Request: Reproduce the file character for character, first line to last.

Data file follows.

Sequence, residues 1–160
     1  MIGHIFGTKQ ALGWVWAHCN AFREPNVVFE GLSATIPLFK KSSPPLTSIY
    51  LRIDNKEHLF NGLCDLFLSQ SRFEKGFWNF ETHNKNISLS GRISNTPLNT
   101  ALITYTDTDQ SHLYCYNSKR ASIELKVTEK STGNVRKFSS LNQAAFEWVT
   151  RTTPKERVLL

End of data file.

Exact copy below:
Sequence, residues 1–160
     1  MIGHIFGTKQ ALGWVWAHCN AFREPNVVFE GLSATIPLFK KSSPPLTSIY
    51  LRIDNKEHLF NGLCDLFLSQ SRFEKGFWNF ETHNKNISLS GRISNTPLNT
   101  ALITYTDTDQ SHLYCYNSKR ASIELKVTEK STGNVRKFSS LNQAAFEWVT
   151  RTTPKERVLL